OWSLEY: Go ahead, Harv. I doubt if you'll get in much trouble now.

BARDWELL: All right. Well, for four years I was on "Washington Watch" on ABC, and, like Marguerite, I was a panelist on "Capital Chronicles" on NBC and "News Crunch" on CNN. So, I've been pretty active. And I feel like I'm still a vital part of the scene here in Washington, and that I belong. I've been here for years... it would be a shame to... well, to end it all like this.

OWSLEY: Stop, you're killing me.

MARTIN: I won't vote for you, Harvey, don't worry.

BARDWELL: Thank you, Cicero.

COWAN: Are you through?

BARDWELL: Yes, I guess so.

COWAN: Cicero Martin, why don't you go next.

MARTIN: Well, this won't take long. I'll be blunt and to the point. I need the money. Really. I'm desperate. I'm begging, okay?

PAISLEY: We all need the money.

OWSLEY: You're going to have to dig a little deeper than that, Cicero.

MARTIN: Oh, it's not just the money. There are a lot of other things. Personal stuff.

OWSLEY: Out with it.

COWAN: Don't push him, Owsley. He doesn't have to say a thing.

MARTIN: Well, I'd rather not go into any detail, but, believe me, it's a mess.

PAISLEY: Sounds bad, Cicero.

MARTIN: I'll tell you, in private.

COWAN: Marguerite Paisley. It's your turn.

PAISLEY: I need more time.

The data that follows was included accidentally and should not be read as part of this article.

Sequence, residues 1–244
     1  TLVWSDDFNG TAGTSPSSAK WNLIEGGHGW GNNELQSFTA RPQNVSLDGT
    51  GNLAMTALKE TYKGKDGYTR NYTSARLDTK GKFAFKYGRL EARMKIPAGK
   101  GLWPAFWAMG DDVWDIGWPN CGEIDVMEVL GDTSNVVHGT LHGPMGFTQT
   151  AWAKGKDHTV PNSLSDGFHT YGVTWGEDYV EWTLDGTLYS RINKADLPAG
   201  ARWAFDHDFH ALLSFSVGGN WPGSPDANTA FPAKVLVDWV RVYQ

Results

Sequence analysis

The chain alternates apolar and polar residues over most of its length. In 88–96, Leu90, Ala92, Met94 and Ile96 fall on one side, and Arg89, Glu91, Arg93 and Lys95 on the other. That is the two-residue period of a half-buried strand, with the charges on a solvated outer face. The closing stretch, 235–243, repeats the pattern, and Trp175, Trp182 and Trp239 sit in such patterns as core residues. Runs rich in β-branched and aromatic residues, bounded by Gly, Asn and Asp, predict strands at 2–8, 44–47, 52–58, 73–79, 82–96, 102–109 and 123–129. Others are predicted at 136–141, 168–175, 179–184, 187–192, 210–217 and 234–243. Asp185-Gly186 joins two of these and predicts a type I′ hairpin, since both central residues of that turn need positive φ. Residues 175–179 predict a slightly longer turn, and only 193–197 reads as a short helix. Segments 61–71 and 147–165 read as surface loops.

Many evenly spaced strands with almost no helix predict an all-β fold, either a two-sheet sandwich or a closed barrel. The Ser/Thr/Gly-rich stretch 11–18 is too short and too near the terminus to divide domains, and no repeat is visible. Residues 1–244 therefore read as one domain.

COWAN: You don't have much. Ainsley Owsley?


COWAN: Any last... comments?

OWSLEY: No. This is ridiculous. Oh, all right, I'll say something. As long as we're actually going through with this. As long as we're actually going to decide which one of us -- "goes" -- then I think you should all remember something. That Professor Ginzburg you were talking about? He's gone. He's no longer with us. And you know why? Because Cicero ate him!


OWSLEY: You ate him, Cicero. Don't deny it.

MARTIN: You're mad.

OWSLEY: I don't think so. You ate the professor. For breakfast. You've still got the stain on your tie.

MARTIN: This is ridiculous. Just ridiculous. I respected the professor. He was a brilliant man, a great scholar, knew the law inside out. A bit argumentative, a bit abrasive maybe...

COWAN: Enough. Let's vote.

PAISLEY: Wait -- I haven't had a chance to speak.

COWAN: Pardon me, Marguerite. Of course. Go ahead, say some nice things about yourself.

PAISLEY: Well, I just want to say this: I won't be railroaded, okay? I'm a lot younger than all of you, and... well, I'm also the only woman, and --

COWAN: Hold it. Since when does Marguerite Paisley use her gender to plea for mercy?

OWSLEY: He's right. It won't wash, Marguerite.

PAISLEY: And since when do you, you scheming turncoat, kiss up to Ray Cowan, the voice of unreason?

OWSLEY: Ray's not so bad, Marguerite. Once you get to know him.

PAISLEY: Know him?

OWSLEY: Yeah. He's a sham, but he's a well-meaning one.

PAISLEY: I don't like what I'm hearing. Does this mean you might...